The approach-avoidance motivation has been shown to have utility across theoretical perspectives and areas of inquiry. Emotional content on television has been shown to elicit responses similar to those associated with the non-mediated world. The term "presence" has been developed to capture this illusion of non-mediation that occurs when media users respond to media content in ways that they would respond to stimuli they encounter in the physical world (Lombard & Ditton, 1997). Researchers propose that the distinction between mediated and non-mediated experiences comes as a thoughtful response but is preceded and constrained by automatic responses (Detenber & Reeves, 1996; Reeves & Nass, 1996). Those automatic emotional responses that are elicited towards mediated messages are of course less life detrimental than responses to real life stimuli hundreds of years ago when humans were more at the mercy of natural elements. Yet, it is unlikely that one can inhibit these primitive first responses when attending to media messages. In this sense, the similarity between mediated and non-mediated experiences makes the application of psychological theories about emotions productive for research of television message effects (Detenber & Reeves, 1996).
One approach to studying emotion distinguishes between valence and arousal, as the two main dimensions of emotion. Understanding the role of these dimensions sheds light on the mechanisms by which emotions affect information processing. The first dimension, valence, reflects the direction of the emotion and ranges from positive to negative. The second dimension, arousal, indicates the level of activation associated with the emotion and ranges from very calm/bored to very aroused/excited on the other end (P. Lang, Greenwald, Bradley, & Hamm, 1993). All emotions can be defined by their degree of valence and arousal (Barrett, 2004). For example, fear is a negatively valenced and high arousal emotion while serenity is positively valenced and a low arousal emotion. Moreover, the difference between sadness and grief is a matter of arousal as the valence is negative in both cases. Similarly, the difference between calmness and boredom is a matter of valence as both are characterized by low arousal. The third dimension, dominance, refers to the degree of control one feels during an emotional experience and ranges from feeling in control to feeling controlled by the emotion (P. Lang et al.). Dominance is the least studied dimension largely because it is a less stable dimension of emotional experience, its measurement is less reliable, and it does not have distinct physiological or behavioral correlates.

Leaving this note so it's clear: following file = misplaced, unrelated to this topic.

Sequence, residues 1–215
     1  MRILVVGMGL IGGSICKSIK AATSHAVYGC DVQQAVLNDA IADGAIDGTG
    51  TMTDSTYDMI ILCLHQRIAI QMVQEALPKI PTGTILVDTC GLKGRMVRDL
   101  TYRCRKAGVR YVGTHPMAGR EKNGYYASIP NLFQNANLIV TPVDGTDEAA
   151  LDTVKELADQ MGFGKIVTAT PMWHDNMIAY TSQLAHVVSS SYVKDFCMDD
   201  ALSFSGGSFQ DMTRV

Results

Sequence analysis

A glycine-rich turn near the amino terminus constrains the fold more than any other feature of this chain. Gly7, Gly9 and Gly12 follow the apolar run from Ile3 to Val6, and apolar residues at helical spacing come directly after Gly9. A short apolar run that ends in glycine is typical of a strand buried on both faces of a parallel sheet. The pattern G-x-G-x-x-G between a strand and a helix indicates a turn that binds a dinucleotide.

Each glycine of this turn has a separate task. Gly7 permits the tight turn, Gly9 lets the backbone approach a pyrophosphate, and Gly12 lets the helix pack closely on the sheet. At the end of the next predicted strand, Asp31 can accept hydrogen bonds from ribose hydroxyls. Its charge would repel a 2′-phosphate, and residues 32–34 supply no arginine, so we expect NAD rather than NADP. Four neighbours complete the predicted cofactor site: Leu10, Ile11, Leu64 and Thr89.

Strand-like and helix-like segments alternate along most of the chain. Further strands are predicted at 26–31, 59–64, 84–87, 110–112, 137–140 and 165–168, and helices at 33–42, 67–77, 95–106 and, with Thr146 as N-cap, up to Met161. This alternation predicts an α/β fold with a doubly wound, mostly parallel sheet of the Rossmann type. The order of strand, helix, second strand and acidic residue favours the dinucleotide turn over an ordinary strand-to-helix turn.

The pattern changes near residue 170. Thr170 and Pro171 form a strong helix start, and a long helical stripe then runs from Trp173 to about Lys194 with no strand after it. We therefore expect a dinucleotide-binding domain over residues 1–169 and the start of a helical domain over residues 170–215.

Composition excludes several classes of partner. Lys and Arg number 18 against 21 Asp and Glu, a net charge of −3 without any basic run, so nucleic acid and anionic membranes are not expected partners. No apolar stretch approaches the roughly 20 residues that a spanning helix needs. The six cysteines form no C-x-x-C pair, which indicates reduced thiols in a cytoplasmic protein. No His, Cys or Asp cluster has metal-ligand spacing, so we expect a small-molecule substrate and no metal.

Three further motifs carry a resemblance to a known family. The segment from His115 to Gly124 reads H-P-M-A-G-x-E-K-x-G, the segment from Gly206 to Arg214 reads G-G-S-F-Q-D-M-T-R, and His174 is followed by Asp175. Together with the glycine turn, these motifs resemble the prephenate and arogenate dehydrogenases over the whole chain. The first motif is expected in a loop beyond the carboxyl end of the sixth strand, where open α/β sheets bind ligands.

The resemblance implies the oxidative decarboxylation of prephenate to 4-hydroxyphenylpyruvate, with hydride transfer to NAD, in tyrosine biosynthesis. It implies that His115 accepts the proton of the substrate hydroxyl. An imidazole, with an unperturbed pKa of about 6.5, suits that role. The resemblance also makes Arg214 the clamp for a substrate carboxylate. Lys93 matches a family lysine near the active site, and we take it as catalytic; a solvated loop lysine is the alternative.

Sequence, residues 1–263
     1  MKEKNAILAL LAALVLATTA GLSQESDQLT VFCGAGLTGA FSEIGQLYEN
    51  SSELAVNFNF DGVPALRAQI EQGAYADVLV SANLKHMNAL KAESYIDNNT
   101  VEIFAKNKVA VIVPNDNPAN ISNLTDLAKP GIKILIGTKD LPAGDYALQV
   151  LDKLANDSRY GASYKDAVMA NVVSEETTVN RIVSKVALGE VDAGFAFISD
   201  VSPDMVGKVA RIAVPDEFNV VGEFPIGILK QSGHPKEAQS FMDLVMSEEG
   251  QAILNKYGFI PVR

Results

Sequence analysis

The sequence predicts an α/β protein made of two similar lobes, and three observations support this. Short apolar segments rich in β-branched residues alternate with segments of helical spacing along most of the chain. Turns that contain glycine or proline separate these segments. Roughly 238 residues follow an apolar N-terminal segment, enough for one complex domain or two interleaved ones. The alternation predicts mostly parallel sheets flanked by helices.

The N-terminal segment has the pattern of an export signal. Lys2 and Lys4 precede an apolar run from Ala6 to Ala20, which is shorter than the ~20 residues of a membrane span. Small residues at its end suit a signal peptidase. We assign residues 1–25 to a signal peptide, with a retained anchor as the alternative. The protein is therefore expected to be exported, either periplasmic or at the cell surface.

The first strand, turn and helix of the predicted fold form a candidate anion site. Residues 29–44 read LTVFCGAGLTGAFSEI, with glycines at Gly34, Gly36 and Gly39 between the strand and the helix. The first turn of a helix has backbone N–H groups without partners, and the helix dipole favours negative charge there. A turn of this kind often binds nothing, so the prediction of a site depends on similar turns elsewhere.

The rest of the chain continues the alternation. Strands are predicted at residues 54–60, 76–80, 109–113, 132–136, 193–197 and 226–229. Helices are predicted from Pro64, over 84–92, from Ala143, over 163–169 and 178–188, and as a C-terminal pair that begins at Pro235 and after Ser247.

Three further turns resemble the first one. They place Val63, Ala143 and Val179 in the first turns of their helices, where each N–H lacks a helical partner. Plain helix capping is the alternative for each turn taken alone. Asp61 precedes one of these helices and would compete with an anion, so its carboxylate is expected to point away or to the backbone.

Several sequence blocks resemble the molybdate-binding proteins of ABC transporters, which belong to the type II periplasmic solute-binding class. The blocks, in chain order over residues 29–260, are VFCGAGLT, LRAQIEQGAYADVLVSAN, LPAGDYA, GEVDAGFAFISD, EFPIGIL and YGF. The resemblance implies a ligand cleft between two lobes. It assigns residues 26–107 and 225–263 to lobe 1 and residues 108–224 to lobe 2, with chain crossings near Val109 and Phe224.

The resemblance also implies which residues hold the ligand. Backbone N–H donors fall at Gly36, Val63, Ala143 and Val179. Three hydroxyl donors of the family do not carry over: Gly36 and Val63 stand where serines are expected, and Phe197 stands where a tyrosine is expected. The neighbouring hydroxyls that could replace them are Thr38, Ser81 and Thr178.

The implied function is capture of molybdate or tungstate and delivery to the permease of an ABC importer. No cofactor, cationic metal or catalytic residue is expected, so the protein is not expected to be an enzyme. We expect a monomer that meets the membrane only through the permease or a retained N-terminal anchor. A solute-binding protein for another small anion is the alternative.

Lang, Dhillon, and Dong (1995) found that highly arousing negative stimuli elicit an avoidance response, whereas Newhagen and Reeves (1992) and Newhagen (1998) found negative stimuli increased attention and memory for the stimuli (reflecting an approach motivation). A consideration of the arousal level of the stimuli used in the different studies may account for the discrepancy. Not all negative stimuli elicit avoidance--otherwise humans would be shy and timid creatures unable to navigate negative encounters in their environment. It seems that only highly arousing (compelling) negative stimuli elicit an automatic avoidance. Less arousing negative stimuli are more likely to be approached and processed (A. Lang et al., 1995).
Gender and Approach-Avoidance Patterns
A study of gender differences to positive and negative messages has to account for the level of arousal elicited by the stimuli (A. Lang, Potter & Grabe, 2003). The literature suggests that gender differences are unlikely to occur in response to negative stimuli that are at high levels or low levels of arousal. In the former case both genders would demonstrate an avoidance response (Knight et al., 2002). In the latter case, when the stimuli elicit low arousal, both genders might ignore stimuli because they are not engaging (Knight et al.; A. Lang et al., 2003). Yet, stimuli that elicit moderate levels of arousal seem more likely to be a productive scenario for testing gender differences in responding to variation in message valence.
Studies employing physiological and self-report measures consistently show that women are more likely than men to avoid moderately unpleasant situations (Knight et al., 2002; Wrase et al., 2003). This means that they tend to withhold processing resources to these messages because they were socialized and/or...